The study aims to discern the long-term outcomes of groundwater-sharing agreements in establishing social norms and community governance structures through Water Interest Groups (WIG). A pilot phase is not where one normally looks for results. However, the results of the mechanisms were evident from the agricultural fields and farmers' responses. The intervention is a blend of infrastructure support and innovative community governance approaches for groundwater management. The existing legal framework on groundwater governance tends to prioritise private groundwater extraction, even at exploitative levels, over community stewardship. In this context, the voluntary sharing arrangement between individual farmers is significant. 

Groundwater collectivisation

The groundwater sharing agreement provides critical irrigation to the fields of rainfed farmers as part of the WIG. A cursory glance at the clauses of the groundwater sharing agreement may suggest that it is disadvantageous to the bore owners. They have to bear the expenses of any repair during the summer; the user fee to be paid by them (decided by the WIG) is ten times (₹1000) that of a rainfed farmer (₹100); and no borewells are to be dug during the tenure of the agreement except with the permission of the WIG. Thus go the clauses.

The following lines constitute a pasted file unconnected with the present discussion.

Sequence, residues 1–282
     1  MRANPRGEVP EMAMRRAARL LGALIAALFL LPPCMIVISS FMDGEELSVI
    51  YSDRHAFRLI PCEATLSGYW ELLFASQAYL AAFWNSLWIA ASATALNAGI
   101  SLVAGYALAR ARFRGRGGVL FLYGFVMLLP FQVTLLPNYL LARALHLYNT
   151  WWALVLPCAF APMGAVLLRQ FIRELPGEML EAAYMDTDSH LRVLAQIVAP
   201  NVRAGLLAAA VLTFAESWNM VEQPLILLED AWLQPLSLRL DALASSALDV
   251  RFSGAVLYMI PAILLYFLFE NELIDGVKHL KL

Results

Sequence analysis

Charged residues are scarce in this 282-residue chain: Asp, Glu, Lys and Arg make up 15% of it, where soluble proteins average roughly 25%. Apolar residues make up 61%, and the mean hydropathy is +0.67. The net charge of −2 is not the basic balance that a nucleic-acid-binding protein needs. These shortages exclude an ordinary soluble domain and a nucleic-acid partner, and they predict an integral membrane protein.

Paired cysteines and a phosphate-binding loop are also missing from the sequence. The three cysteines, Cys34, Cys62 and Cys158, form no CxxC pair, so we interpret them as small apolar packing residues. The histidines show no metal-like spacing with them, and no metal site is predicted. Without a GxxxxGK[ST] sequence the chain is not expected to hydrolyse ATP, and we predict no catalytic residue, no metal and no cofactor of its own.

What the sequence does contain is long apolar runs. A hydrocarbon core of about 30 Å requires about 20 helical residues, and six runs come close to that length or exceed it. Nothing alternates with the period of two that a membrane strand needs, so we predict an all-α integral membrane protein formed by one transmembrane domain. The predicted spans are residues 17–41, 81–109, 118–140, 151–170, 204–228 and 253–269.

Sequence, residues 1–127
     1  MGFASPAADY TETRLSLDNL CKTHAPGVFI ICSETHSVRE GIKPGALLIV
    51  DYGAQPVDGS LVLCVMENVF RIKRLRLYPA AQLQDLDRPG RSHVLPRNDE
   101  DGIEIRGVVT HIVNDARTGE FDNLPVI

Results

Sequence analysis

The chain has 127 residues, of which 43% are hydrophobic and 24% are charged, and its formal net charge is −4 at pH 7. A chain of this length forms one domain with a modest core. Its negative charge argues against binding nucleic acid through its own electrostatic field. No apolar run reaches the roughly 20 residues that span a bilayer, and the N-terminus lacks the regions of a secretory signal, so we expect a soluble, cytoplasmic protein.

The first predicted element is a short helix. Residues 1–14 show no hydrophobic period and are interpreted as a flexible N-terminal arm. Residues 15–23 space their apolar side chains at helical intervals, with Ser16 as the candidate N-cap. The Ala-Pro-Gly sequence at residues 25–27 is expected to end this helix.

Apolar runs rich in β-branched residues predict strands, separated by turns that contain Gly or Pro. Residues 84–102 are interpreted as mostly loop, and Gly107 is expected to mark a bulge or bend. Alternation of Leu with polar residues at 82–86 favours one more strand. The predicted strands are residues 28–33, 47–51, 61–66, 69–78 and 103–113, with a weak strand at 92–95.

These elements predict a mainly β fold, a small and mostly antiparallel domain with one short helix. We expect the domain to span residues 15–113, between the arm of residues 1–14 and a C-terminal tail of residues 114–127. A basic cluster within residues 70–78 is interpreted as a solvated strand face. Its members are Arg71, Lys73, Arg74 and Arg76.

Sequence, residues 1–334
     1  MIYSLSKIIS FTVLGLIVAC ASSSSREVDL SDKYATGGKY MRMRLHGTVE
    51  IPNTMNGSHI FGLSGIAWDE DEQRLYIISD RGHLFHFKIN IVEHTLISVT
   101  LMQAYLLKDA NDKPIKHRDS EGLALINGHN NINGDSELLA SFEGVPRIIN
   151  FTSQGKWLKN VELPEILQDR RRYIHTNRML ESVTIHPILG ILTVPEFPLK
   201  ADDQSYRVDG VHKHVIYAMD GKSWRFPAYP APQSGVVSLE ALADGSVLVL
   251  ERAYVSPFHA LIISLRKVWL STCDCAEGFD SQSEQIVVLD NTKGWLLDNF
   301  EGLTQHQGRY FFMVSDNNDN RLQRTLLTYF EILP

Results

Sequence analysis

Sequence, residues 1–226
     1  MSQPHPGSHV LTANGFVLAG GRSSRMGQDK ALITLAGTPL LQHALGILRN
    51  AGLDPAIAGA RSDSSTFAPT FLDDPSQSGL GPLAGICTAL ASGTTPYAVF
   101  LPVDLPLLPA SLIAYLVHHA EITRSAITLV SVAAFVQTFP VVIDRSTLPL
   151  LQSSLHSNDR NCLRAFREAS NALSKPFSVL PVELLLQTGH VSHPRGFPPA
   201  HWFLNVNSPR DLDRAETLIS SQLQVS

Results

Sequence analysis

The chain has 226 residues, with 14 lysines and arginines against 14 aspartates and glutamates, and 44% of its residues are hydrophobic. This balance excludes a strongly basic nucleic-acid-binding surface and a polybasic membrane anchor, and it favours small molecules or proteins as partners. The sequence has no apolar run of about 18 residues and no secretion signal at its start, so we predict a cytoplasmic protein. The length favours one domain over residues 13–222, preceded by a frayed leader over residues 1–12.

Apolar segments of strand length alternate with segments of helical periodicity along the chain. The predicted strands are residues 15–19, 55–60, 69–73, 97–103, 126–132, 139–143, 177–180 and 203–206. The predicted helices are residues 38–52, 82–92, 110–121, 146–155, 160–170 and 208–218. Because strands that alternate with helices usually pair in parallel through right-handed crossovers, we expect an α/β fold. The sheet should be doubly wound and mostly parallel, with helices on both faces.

However, the piped network allows the bore-owning farmers to irrigate their hitherto unirrigated land far from the borewell. Also, in case of any reduction in the discharge from their own borewell, adequate water is assured through other bores in the network. These mechanisms make it an attractive proposition to both groups of farmers.